Popstar: Never Stop Never Stopping Blu-ray Review

It’s True: Popstar Doesn’t Never Stop

Parodies as they might be, the songs of Popstar deserve individual release as a kind of super vulgar variation on Weird Al Yankovic. Sizzling with political incorrectness and rife with celebrity culture rhetoric, each track laid out by Conner4Real (Andy Samberg) is pure gold.

The pop music industry doesn’t stand a chance against PopStar. Slaying fandom, writing, and artist egotism, the film lays into an industry which – given the number of musical cameos – thankfully isn’t taking itself all that seriously either. Andy Samberg’s turn as the breakout of boy band Style Boyz is utterly believable, full of ludicrous backstage drama and broken relationships.

More than parody firing at random targets, Popstar locks in to music culture. Conner4Real’s publicity stunt, sending new singles over WiFi to every home appliance in a cross-promotional deal, pokes at Apple’s U2 gaffe. Failed on-stage acts, superseding the music itself, drain the well of overdone live performances like Katy Perry.

… a film which does for pop music what Airplane! did for disaster films.

After Walk Hard took on the rush of music dramas post-Walk the Line, the beating in Popstar hits at the music documentary. A bit reality TV, a touch of VH1 specials, and a dose of social diary, Conner4Real’s tale avoids the usual cliches. He’s never drowning in piles of cocaine and his fall from grace is more of a bruised ego than a total tanking. The complete overreaction of this primadonna falls on Samberg who heightens the self-absorbed absurdity.

Although the target is clear, Popstar’s imperfect form means content tends to scatter about. Random interviews with real world artists and some funny if pace killing TMZ parodies tend to draw attention away from the heavier comedy. Those interstitial bits also serve as a reprieve – the writing and timing allow for few breaks in the laughs. Pauses in that successful formula are strangely welcome.

Co-written by Samberg, Akiva Schaffer, and Jorma Taccone, their sometimes inconsistent resumes (blame Schaffer for 2012’s dud The Watch) won’t phase this outing. The trio even star together, sure enough of their material to do so. Blend Taccone’s glorious MacGruber and Schaffer/Samberg’s previous pairing Hot Rod and you have a film which does for pop music what Airplane! did for disaster films. When Popstar is on, it’s that funny, if infinitely more profane and knowingly tasteless.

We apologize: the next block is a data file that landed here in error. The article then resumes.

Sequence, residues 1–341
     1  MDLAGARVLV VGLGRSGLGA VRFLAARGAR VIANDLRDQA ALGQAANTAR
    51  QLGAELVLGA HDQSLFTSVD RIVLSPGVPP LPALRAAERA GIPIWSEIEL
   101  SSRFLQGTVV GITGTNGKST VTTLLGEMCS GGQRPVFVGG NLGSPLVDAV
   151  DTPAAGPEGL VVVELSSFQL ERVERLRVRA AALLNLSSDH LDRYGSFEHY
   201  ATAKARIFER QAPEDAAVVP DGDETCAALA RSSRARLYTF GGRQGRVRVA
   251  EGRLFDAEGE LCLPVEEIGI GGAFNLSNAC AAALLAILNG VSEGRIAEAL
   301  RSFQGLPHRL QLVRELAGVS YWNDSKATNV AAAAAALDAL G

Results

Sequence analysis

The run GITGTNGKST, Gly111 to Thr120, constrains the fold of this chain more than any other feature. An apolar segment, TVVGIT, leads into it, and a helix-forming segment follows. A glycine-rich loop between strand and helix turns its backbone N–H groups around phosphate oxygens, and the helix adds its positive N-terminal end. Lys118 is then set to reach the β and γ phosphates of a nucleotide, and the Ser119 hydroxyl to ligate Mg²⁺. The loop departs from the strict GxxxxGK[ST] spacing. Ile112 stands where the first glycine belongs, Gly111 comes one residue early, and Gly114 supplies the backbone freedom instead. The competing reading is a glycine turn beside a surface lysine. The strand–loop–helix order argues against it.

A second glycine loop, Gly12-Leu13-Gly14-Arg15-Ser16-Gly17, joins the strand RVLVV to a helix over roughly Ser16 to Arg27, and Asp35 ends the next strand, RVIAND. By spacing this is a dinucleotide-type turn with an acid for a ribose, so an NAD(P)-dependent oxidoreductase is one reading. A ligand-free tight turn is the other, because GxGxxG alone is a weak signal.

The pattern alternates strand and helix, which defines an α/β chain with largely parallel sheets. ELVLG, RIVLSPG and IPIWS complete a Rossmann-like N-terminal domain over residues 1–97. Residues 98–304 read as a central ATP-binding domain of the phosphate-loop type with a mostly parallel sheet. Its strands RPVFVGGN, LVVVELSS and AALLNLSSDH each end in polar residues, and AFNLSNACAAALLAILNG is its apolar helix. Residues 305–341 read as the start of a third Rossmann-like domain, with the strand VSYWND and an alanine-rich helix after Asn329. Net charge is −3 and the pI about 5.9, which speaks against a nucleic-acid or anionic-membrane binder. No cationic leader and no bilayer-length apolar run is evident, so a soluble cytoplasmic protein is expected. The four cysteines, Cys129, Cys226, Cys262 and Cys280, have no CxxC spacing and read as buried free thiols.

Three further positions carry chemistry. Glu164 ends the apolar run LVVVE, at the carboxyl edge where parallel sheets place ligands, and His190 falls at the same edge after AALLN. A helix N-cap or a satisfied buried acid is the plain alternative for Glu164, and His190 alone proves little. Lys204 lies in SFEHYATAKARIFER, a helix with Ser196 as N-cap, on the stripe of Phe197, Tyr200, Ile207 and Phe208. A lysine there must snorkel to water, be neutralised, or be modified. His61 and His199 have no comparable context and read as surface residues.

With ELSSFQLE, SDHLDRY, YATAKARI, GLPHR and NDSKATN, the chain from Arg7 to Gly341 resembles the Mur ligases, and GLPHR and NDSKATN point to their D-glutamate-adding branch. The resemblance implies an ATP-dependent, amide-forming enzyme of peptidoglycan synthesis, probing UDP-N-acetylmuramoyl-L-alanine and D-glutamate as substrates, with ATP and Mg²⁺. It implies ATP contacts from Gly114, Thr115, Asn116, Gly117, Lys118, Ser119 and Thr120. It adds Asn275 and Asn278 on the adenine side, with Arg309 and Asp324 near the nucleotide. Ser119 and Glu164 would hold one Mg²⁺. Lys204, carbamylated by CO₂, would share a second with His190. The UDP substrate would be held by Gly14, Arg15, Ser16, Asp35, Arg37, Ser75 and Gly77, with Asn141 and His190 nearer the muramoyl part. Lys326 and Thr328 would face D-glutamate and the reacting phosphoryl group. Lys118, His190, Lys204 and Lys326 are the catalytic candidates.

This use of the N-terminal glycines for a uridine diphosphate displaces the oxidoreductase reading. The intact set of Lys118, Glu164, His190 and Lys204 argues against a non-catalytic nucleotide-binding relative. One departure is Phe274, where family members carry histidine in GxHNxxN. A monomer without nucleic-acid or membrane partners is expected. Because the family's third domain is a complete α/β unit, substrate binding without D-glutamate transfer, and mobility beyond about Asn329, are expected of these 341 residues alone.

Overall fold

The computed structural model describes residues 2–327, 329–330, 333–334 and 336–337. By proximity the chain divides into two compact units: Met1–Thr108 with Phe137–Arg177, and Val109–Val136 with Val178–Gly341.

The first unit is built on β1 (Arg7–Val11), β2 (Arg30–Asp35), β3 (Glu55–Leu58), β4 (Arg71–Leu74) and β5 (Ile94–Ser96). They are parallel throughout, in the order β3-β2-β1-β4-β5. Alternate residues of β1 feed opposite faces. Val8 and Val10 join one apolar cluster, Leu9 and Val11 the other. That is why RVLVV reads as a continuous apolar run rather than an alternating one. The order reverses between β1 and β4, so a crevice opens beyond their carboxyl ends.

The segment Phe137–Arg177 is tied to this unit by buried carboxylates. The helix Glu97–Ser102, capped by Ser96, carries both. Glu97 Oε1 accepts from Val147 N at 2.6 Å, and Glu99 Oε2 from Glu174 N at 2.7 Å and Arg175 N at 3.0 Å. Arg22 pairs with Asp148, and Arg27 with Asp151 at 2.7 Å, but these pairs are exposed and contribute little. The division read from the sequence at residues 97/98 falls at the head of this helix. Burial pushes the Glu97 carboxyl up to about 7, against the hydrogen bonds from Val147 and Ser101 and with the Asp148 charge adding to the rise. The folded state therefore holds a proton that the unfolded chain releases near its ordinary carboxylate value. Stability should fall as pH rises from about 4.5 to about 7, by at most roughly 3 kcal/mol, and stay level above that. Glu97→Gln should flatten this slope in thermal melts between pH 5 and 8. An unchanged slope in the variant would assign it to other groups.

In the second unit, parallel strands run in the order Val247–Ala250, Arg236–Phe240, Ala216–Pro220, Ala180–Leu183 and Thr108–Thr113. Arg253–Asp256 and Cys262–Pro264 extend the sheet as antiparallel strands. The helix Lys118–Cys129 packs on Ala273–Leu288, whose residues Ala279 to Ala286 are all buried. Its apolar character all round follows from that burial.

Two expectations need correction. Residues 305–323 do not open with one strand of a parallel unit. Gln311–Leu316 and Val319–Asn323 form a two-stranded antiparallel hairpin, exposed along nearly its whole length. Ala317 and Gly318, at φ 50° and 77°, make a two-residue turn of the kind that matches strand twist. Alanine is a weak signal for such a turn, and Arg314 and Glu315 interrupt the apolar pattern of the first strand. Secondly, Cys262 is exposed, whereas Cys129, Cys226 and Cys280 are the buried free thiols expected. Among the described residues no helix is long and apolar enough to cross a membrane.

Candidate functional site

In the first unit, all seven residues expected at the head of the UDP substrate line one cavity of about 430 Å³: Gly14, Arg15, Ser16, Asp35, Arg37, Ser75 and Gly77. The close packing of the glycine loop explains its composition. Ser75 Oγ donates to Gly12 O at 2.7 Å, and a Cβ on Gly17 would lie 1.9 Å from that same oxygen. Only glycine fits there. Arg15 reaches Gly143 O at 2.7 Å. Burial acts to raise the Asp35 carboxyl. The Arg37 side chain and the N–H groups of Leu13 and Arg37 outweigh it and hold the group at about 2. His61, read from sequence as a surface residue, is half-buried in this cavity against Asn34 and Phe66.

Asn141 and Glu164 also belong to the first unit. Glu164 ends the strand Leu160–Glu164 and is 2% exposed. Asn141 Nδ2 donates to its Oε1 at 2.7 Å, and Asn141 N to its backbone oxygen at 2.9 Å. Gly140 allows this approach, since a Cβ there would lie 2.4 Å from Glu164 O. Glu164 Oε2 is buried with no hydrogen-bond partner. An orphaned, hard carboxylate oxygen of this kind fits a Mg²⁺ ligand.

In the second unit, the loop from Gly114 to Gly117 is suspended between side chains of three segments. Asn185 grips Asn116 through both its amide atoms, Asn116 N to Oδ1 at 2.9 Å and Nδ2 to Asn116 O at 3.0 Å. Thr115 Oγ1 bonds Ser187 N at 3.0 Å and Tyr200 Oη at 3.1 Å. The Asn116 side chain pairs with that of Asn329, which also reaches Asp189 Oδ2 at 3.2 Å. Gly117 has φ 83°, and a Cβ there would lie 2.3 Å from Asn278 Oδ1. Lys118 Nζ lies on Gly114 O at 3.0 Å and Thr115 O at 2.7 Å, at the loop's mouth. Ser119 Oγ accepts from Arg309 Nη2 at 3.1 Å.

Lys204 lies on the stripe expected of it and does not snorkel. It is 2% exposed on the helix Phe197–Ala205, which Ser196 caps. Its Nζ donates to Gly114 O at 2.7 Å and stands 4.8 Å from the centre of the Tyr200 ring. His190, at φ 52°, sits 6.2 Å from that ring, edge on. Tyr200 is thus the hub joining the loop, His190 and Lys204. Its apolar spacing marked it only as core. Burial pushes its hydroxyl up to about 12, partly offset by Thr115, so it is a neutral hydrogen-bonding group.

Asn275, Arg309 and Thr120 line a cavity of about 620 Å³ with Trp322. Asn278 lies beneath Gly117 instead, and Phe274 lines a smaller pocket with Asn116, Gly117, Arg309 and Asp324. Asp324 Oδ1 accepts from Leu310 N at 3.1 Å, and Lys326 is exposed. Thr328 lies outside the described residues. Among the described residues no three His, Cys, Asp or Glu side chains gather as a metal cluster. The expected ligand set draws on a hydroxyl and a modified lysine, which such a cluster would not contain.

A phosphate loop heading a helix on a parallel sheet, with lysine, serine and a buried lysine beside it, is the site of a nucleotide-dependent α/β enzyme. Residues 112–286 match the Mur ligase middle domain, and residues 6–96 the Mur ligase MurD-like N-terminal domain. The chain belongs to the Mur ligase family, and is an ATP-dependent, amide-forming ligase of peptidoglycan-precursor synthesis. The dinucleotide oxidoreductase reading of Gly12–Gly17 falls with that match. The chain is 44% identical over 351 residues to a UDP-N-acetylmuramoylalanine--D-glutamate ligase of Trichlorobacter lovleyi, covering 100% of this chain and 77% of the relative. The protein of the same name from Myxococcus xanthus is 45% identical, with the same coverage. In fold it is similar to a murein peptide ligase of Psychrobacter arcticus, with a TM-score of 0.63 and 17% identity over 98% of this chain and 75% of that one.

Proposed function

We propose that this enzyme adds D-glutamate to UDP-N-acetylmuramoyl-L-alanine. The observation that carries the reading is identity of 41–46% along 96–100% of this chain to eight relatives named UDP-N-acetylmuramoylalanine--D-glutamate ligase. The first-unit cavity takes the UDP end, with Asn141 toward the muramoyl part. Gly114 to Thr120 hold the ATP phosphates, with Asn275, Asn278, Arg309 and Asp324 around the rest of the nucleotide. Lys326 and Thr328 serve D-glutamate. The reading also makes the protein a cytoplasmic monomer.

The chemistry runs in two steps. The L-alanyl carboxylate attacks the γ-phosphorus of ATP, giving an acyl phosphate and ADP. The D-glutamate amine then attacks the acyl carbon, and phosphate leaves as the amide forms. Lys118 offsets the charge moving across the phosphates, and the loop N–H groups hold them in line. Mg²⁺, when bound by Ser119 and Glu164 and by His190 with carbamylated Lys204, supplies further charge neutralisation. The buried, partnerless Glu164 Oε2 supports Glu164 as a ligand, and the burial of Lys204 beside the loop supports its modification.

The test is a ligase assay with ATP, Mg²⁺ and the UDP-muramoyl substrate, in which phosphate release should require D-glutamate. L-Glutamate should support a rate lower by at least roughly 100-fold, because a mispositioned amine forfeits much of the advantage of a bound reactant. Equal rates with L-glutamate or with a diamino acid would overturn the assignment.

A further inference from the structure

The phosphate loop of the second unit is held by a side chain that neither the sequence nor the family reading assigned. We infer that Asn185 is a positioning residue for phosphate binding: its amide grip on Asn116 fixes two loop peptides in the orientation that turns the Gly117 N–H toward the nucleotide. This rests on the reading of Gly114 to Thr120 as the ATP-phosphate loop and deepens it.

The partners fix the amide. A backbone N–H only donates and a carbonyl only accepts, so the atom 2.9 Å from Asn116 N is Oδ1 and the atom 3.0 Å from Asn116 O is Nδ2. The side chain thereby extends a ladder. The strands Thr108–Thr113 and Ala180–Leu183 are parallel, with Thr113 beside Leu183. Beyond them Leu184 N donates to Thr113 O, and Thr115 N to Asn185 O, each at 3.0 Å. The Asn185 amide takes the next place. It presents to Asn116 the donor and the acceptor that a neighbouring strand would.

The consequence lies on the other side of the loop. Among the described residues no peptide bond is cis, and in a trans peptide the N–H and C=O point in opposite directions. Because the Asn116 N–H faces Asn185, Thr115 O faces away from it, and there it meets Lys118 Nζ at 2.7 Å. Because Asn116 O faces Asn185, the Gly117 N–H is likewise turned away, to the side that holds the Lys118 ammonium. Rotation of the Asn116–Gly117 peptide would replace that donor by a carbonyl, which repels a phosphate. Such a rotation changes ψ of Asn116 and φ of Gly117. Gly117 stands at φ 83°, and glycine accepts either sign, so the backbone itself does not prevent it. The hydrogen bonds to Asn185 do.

Popstar Blu-ray screen shot 1

Video

Likely the first movie reviewed on DoBlu to use the Arri’s new Amira camera, image quality boasts superlative contrast and fidelity. Although certain scenes notably downgrade themselves to preserve an on-the-go documentary style, the majority carry exceptionally pure clarity. Unusual, even.

Live concerts boast ridiculous levels of detail, from individual lights on LED boards (visible at distance) to the throes of fans around the stadiums, the visual success captures the ridiculous performance level. Interview scenes with the included industry names all showcase flawless facial definition.

Elevated color adds another appealing factor. Flesh tones stay intact while the boost to primaries adds punch. Stage lights during those stunning concerts further elevate the disc’s output. Couple this with a heavy contrast and dense black levels to hit each check box.

Audio

Although held to 5.1, Popstar’s soundstage envelops listeners in the crowds. Not only at live shows – this goes for parties, bars, and other crowded locations. Opportunities are many.

Clearly, the sonic highlight throughout is the music. With a mix of genres, the differing beats mean testing the low-end at various levels. It’s a pleasant mixture on a DTS-HD track with flawless balance to pull clear lyrics from the lively concerts. Expect limited separation anywhere else, though. The center takes on most of the work.

Extras

While the bonus menu presents an extensive list of options, they mostly fall into deleted/extended scenes. Why is a mystery since the deleted/extended scene section plays host to 23 cuts, approaching 45-minutes total. Added to them are four more elsewhere on the disc, not including cut bonuses from the CMZ segments. Further still, dropped interview bits and ten minutes of “bonus footage” (more deleted/extended) keep the same type of material coming.

That leaves a brief gag reel and the real gem still left – six complete music videos for the songs in the movie, and each one is comedy gold. For anything of depth, the commentary with Andy Samberg and his co-writers/co-directors/co-stars Akiva Schaffer & Jomma Taccone comes last.

Click on the images below for full resolution screen captures taken directly from the Blu-ray. Images have not been altered in any way during the process. Patreon supporters were able to access these screens early, view them as .pngs, and gain access to exclusives.